In response to criticisms, the lighter KV-1S was released, with thinner armour and a smaller, lower turret in order to reclaim some speed. Importantly, the KV-1S also had a commander's cupola with all-around vision blocks, a first for a Soviet heavy tank. However, the thinning-out of the armor called into question why the tank was being produced at all, when the T-34 could seemingly do everything the KV could do and much more cheaply. The Soviet heavy tank program was close to cancellation in mid-1943.
The appearance of the German Panther tank in the summer of 1943 convinced the Red Army to make a serious upgrade of its tank force for the first time since 1941. Soviet tanks needed bigger guns to take on the growing numbers of Panthers and the few Tigers.
A stopgap upgrade to the KV series was the short-lived KV-85 or Objekt 239. This was a KV-1S with a new turret designed for the IS-85, mounting the same 85 mm D-5T gun as the SU-85 and early versions of the T-34-85; demand for the gun slowed production of the KV-85 tremendously and only 148 were built before the KV design was replaced. The KV-85 was produced in the autumn and winter of 1943-44; they were sent to the front as of September 1943 and production of the KV-85 was stopped by the spring of 1944 once the IS-2 entered full scale production.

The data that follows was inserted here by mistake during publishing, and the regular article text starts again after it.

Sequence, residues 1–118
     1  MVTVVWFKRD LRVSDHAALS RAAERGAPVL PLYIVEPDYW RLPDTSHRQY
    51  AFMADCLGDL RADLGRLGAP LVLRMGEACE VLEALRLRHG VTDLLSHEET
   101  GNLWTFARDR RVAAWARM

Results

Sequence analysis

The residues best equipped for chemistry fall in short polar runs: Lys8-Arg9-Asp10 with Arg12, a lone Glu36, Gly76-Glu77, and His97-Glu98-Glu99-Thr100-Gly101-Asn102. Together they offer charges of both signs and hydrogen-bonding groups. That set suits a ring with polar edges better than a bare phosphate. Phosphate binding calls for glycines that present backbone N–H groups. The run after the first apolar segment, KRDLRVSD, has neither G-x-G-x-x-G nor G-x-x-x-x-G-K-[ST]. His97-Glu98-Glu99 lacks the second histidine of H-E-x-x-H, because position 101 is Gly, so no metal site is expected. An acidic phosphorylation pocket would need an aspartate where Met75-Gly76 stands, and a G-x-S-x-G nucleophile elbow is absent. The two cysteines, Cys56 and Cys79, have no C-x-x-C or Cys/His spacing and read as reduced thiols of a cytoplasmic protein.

A new heavy tank design entered production late in 1943 based on the work done on the KV-13. Because Kliment Voroshilov had fallen out of political favour, the new heavy tank series was named the Josif Stalin tank, after Josif (Joseph) Stalin. The KV-13 program's IS-85 prototype was accepted for production as the IS-1 (or IS-85, Object 237) heavy tank. After testing with both 100 mm and 122 mm guns, the D-25T 122 mm gun was selected as the main armament of the new tank, primarily because of its ready availability and the effect of its large high-explosive shell when attacking German fortifications. The 122mm D-25T used a separate shell and powder charge, resulting in a lower rate of fire and reduced ammunition capacity. While the 122mm armour piercing shell had a lower muzzle velocity than similar late German 7.5 cm and 8.8 cm guns, proving-ground tests showed that the 122mm AP shell could defeat the frontal armour of the German Panther tank, and the HE shell would easily blow off the drive sprocket and tread of the heaviest German tank or self-propelled gun. The IS-122 replaced the IS-85, and began mass production as the IS-2. The 85 mm gun saw service in the lighter SU-85 and T-34-85. A destroyed Soviet KV-1 in Olonets, September 1941, during the Continuation WarThe Soviets did not recognize different production models of KV-1 during the war; designations like model 1939 (M1939, Russian: Obr. 1939) were introduced later in military publications. These designations, however, are not strict and describe leading changes, while other changes might be adapted earlier or later in specific production batches. Designations like KV-1A were applied by the Germans during the war.